Anyone remember spot the ball competitions? A strange photo of football action had the ball removed and you had to place an X where you thought the ball was. The winner won something, possibly cash.
Talking about business sustainability without mentioning money is a bit like a spot the ball competition. You know it’s there, an essential part of what’s going on, but spotting it can be very difficult indeed.
This is where the Equator Principles (EP) come in; a set of benchmarks put together to bring a sense of sustainability to business financing.
Governance of the Principles
The initiative was created in 2003 by the leading banks of the day, including Barclays, Citibank and ABN Amro. It uses the policies of the World Bank and the International Finance Corporation (IFC) as its foundation.
They apply to all projects which financial institutions may engage in with financing of over $10m. This includes both direct lending by the banks and financial consultancy.
In addition, the working groups which govern the principles are not wholly focussed upon the banks. They include representatives of NGOs, Socially Responsible Investment analysts and the banks’ client base.
Inevitably this means that the banks and their clients complain that the principles go too far while the NGOs complain that they don’t go far enough.
This is good and it is heartening to see both sides engaging with one another and feeling able to air their views freely.
The Equator Principles Themselves
There are Ten Principles. Any institution signing up to them commits to ensuring any project it is involved in with a spend of over $10m will conform to these principles.
They are relatively simple and straightforward and define the standards, management systems, consultations and monitoring which the bank should require of the client.
These provide a clear pathway for any institution wishing to improve the sustainability of its activities. These steps are underpinned by policies from the IFC and World Bank which provide the real meat.
For instance, the principles embrace both the IFC’s Eight Performance Standards on Sustainability, ranging from Cultural Heritage to Pollution, and the World Bank’s 41 industry specific Environment, Health and Safety guidelines.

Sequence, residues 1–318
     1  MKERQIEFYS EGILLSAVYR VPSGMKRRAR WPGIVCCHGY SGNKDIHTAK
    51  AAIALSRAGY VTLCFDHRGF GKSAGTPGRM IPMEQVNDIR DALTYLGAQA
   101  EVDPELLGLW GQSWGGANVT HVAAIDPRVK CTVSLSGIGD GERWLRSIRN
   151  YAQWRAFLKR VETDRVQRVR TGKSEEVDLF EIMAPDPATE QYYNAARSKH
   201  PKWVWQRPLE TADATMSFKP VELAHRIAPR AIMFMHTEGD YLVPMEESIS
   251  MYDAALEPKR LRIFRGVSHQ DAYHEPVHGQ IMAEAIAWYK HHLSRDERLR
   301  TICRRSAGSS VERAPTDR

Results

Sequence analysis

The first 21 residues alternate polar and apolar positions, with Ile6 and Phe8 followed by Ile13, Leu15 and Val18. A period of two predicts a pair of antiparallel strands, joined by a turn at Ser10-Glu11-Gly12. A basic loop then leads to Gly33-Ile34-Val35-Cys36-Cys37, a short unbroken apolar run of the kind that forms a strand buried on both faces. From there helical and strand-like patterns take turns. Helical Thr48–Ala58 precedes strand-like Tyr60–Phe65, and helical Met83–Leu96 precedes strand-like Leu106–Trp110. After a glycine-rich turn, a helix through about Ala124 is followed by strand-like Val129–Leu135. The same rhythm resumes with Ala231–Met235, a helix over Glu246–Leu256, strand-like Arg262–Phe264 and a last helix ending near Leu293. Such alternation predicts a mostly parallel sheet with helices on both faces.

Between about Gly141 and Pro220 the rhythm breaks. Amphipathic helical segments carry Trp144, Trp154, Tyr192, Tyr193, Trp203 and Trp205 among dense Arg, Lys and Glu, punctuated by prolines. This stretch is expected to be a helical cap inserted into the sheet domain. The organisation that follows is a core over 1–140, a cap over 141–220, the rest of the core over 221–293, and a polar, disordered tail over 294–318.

Transparency and The Equator Principles
When the EP was first launched there was one major criticism which was levelled at it: transparency. Much like the UN Global Compact, in it had placed more emphasis on signing up institutions than on monitoring their commitment.
To try and rectify this, the principles were updated in 2006 to include a tenth principle to which requires institutions to report at least once a year upon their activities under the principles.
As a minimum this requires banks to report the number of projects they have been involved in. The associated guidance notes encourage institutions to break the information down further, for instance by country or sector.
Detailed figures, such as those provided by ABN Amro, give a tiny glimpse into which projects a bank has been involved in. However this should be only the start if the banks’ disclosures.
For example: what about the bank’s governance? Is the EP included as a standard part of staff training, as appropriate? How will a bank monitor EP compliance and how will it censure a client if they fall out of compliance?
The Equator Principles Should Lead Finance Sustainability
There is no doubt that the EP acts as a force for good within the banking industry.
In the past year its membership has grown by nearly 20%, includes a quarter of the top investment banks in the world and has recently embraced Industrial Bank Co, one of the largest banks in China.
However, having a ball is only the first part of a good game of football. The rest of the sport is made up of robust rules and regulations to ensure one side or another isn’t unduly favoured.
If the quality of the benchmark’s disclosure requirements isn’t improved the EP could encourage accusations of being a vehicle for greenwashers.
This would be a shame because finance is undoubtedly modern society’s main driver. As such the EP should be a leader, not a follower, in ensuring a sustainable economy is built.
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